EDUCATION LINKS CASE STUDY
Making links and developing resources
Otago Polytechnic's Secondary-Tertiary Pathways Project (STPP) team is developing resources for teaching maths and science within an engineering context, while building links with schools and industry.
Teaching Maths, Science and Technology in an engineering context
The team is working with secondary school teachers on a research project aimed at teaching Maths, Science and Technology in an engineering context. They have completed a literature review into topics likely to excite student interest in STEM-related learning; this will be released soon.
Pilot Calculus lesson
Engineering Programmes Advisor John Findlay says it was tricky finding ideas that interest students and also relate to engineering-relevant NCEA Achievement Standards. However, they did come up with six topics and trialled the first in Term 2. The STPP team ran the pilot lesson with Year 13 Calculus students from Kaikorai Valley High School. It involved a practical demonstration of conics (the maths around ratio changes as sand flows out of a cone) to give students practical insight into applications of calculus. “The students were really interested,” John says, “and we could show them other aspects of engineering also.”
Once piloted and tweaked, all the resources will be freely available for other schools throughout the country to use. “We want this to be sustainable; a system that everyone uses and adds to, so that it doesn’t have to be done as a funded project again.”
Planned Geometry and Algebra pilots
Fitting in with school timetables has been a challenge, and a proposed Year 12 Algebra pilot lesson at Otago Boys’ High School has been postponed until 2018. This lesson and others will now run in 2018 and be better matched timewise to the school timetables and teaching schedule.
One resulting benefit, says John, is that both parties recognise the need to include the partnership teaching in longer term planning. “Which ensures long-term take up of the project.”
Another pilot will be delivered in Term 4. Year 11 Maths students at Otago Boys’ will learn about geometry using survey instruments to accurately measure and calculate angles.
“Teachers at Otago Boys’ are open to cross-curricular, project-based study,” John says, “so we could use a Physics topic to deliver maths concepts. This could be a good way to reach those students who don’t want to take a full maths or physics course.”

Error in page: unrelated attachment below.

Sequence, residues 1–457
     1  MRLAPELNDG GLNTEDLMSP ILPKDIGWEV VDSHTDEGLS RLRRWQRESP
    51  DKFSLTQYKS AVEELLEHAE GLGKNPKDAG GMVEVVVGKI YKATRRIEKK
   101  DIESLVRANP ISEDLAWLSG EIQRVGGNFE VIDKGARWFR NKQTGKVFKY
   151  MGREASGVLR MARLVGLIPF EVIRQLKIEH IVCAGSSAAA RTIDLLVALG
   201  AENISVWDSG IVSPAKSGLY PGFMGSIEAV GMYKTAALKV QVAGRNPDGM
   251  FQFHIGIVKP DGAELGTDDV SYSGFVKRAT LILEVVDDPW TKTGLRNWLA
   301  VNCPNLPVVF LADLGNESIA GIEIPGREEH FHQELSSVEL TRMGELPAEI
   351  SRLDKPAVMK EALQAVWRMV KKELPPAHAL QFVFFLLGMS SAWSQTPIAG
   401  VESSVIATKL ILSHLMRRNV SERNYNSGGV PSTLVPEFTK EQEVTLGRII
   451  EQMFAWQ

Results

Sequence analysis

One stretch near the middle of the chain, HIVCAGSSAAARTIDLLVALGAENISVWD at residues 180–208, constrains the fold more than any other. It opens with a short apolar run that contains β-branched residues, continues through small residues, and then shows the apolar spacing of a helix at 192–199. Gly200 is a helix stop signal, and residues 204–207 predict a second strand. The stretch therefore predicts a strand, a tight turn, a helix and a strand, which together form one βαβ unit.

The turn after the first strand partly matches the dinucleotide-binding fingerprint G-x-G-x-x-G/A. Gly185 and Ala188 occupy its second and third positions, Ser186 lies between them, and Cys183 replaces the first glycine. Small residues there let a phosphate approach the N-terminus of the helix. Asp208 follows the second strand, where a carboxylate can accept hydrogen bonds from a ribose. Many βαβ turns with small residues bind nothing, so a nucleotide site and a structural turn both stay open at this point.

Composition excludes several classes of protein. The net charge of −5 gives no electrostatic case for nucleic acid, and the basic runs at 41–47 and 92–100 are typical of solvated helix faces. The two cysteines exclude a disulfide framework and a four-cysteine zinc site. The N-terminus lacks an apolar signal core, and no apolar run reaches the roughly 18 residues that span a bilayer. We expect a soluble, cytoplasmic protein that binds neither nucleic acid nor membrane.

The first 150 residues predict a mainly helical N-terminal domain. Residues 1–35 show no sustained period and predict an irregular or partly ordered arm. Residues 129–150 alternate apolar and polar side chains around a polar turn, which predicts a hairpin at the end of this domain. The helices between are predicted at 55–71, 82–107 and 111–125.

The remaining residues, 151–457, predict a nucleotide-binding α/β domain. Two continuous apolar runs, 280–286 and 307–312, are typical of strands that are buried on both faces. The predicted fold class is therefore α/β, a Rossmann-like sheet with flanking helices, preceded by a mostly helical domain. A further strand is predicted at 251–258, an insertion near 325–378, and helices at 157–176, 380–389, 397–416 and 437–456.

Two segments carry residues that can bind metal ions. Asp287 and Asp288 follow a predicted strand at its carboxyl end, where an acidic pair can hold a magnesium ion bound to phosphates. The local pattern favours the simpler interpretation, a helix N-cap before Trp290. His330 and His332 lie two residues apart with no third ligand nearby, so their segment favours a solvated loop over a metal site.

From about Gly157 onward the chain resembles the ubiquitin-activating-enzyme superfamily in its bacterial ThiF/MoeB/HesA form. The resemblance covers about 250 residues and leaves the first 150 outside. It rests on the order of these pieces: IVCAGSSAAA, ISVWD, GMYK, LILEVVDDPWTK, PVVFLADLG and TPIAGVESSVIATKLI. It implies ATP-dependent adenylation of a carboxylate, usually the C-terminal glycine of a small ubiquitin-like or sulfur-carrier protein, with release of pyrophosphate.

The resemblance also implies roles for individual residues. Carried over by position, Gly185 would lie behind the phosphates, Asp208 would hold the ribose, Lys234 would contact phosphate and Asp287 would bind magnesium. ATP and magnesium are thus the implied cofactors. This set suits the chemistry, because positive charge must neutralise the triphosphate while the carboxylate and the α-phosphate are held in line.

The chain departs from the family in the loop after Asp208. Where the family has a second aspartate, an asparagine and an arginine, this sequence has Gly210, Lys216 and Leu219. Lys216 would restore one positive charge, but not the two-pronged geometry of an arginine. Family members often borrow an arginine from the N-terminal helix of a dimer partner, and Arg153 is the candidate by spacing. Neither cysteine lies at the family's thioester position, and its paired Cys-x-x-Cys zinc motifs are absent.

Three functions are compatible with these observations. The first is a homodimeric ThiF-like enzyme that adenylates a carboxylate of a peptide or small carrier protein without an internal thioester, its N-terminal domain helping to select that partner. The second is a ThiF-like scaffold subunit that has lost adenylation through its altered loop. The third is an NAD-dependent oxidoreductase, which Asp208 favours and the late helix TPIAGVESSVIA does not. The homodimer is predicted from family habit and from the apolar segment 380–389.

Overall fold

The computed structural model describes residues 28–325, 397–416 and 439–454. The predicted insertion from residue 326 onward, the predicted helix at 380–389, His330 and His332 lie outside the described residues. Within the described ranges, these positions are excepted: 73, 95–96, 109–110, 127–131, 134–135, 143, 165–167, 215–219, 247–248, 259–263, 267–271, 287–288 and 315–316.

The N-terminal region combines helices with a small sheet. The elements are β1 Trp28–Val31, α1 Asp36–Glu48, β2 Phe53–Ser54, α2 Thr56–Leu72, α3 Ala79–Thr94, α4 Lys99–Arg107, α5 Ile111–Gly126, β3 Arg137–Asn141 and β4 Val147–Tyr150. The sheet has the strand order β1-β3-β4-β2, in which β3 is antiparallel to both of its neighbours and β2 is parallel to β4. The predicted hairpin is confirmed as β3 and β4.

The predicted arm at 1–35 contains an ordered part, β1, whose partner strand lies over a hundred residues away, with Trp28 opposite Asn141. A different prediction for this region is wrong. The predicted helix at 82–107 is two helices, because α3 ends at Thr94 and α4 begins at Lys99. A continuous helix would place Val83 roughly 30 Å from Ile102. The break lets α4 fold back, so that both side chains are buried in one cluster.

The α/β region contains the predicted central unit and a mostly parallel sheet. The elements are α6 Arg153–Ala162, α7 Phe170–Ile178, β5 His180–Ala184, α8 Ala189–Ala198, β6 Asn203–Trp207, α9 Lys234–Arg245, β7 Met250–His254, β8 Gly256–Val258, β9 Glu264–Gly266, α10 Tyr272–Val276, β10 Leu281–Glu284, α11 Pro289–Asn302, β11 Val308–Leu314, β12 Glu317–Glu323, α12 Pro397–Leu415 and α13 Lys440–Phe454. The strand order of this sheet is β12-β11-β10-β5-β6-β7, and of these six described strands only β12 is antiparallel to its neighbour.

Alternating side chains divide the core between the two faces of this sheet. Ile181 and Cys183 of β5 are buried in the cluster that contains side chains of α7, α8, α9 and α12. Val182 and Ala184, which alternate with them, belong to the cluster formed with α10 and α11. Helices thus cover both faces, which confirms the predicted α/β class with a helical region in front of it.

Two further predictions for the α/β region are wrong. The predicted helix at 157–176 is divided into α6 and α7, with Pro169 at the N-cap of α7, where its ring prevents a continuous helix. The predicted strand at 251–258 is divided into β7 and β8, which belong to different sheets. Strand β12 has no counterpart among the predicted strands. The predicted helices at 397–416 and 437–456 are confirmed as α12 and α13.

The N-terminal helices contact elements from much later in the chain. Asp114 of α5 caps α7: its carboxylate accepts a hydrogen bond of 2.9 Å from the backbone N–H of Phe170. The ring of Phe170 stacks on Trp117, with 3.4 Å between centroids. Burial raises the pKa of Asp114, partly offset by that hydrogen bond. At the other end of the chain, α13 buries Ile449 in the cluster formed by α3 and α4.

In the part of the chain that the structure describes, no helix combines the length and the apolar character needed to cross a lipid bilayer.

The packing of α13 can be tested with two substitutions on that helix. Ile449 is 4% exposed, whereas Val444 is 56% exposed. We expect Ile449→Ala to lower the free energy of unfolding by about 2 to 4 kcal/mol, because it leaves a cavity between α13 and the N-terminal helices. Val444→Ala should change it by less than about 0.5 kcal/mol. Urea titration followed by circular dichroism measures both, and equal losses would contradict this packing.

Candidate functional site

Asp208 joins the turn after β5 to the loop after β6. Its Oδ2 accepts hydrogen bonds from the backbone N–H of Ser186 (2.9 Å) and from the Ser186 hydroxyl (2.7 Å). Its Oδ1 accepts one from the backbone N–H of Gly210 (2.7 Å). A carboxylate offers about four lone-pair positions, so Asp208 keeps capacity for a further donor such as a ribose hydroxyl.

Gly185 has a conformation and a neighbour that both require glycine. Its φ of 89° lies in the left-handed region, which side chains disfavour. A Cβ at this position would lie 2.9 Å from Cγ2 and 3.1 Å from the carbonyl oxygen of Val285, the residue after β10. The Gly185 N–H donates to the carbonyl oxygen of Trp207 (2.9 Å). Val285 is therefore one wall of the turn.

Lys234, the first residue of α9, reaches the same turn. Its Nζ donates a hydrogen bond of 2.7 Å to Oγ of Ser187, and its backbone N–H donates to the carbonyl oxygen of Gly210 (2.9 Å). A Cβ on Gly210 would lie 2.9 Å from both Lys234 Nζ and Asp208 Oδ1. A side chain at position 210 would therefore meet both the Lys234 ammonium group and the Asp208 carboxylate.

Developing relationships with schools and industry
Building industry links is important to the programme – students are more likely to consider engineering as a career when they see what’s going on in their own region, and knowing that there are local jobs for graduates is a good selling point for the qualifications.
Employers, in turn, are happy to be involved in inspiring more students into engineering because many need more graduates than are currently available. Representatives from four Dunedin companies – Milmeq, Fisher & Paykel Appliances, Scott Technology and Beca – attended the recent Engineering Technologies Information Day. A senior employee from each firm was accompanied by a New Zealand Diploma in Engineering (NZDE) or Bachelor of Engineering Technology (BEngTech) graduate. The eight speakers discussed their career pathways, graduate opportunities at their workplace and the importance of communication skills and attitude.
Engineering Technologies Information Day
The Year 12-13 students who attended the Engineering Technologies Information Day were interested to learn about the pathways into engineering. Although the number of attendees was much lower than hoped for, the team was pleased that the group of eight students included two girls and two Pasifika students.
Four engineering students accompanied the group and chatted about their experiences on the NZDE or BEngTech courses. They visited the Civil and Mechanical Engineering laboratories, listened to the industry presentations and then headed off to the Forsyth Barr Stadium for lunch and a tour of the facility. The students walked along the gantry at the top of the stadium (challenging for some!), saw one of the electrical power supply rooms and walked around the field to see the slide joint which will allow the building to move during an earthquake. The day concluded with a tour of the Otago Polytechnic hostel construction site.
Extending the event in 2018
The team will repeat the Engineering Technologies Information Day in 2018, and is planning another one for Central Otago students, teachers and careers advisors. John says schools and employers are very supportive of the proposed event.
Promoting STEM-related competitions to raise awareness of engineering careers
Otago Polytechnic is hosting this year’s RoboCup national finals, during which they will show competitors and parents around the labs and discuss the NZDE and BEngTech. “We want to make the link between the robots they’re building and industrial robots. It’s a good opportunity to talk to parents who assume their children will go to university”. A group of local engineering employers will attend to display information about their companies and talk about opportunities for engineering graduates.
Students at Otago Boys’ High School are developing drones as part of a pilot competition, with support from the STPP team. John hopes to include other schools next year and hold a regional competition.
Planning for 2018
The team is looking at how they could deliver a Year 13 course similar to the one running at WITT – students in that programme can gain credits towards the NZDE programme and NCEA credits.
See case study: Promoting the local option
Our thanks to John for his time and advice; if you have any queries please contact email@example.com
Photos: Students attending Engineering Technologies Information Day – Forsyth Barr Stadium, Otago Polytechnic lab, listening to employers.